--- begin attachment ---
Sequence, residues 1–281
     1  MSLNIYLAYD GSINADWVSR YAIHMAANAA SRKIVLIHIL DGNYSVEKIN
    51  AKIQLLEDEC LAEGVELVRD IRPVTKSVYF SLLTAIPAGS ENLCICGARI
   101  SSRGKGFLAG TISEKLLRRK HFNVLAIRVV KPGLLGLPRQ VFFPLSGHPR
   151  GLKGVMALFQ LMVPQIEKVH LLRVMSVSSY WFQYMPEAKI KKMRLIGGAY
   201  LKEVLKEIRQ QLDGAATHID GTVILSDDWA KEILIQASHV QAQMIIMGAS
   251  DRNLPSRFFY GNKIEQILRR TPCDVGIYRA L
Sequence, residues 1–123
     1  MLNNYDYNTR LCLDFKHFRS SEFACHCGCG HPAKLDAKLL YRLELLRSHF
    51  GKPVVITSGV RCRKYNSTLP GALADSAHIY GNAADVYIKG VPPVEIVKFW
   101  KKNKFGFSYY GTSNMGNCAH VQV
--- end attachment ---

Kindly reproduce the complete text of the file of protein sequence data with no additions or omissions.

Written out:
Sequence, residues 1–281
     1  MSLNIYLAYD GSINADWVSR YAIHMAANAA SRKIVLIHIL DGNYSVEKIN
    51  AKIQLLEDEC LAEGVELVRD IRPVTKSVYF SLLTAIPAGS ENLCICGARI
   101  SSRGKGFLAG TISEKLLRRK HFNVLAIRVV KPGLLGLPRQ VFFPLSGHPR
   151  GLKGVMALFQ LMVPQIEKVH LLRVMSVSSY WFQYMPEAKI KKMRLIGGAY
   201  LKEVLKEIRQ QLDGAATHID GTVILSDDWA KEILIQASHV QAQMIIMGAS
   251  DRNLPSRFFY GNKIEQILRR TPCDVGIYRA L
Sequence, residues 1–123
     1  MLNNYDYNTR LCLDFKHFRS SEFACHCGCG HPAKLDAKLL YRLELLRSHF
    51  GKPVVITSGV RCRKYNSTLP GALADSAHIY GNAADVYIKG VPPVEIVKFW
   101  KKNKFGFSYY GTSNMGNCAH VQV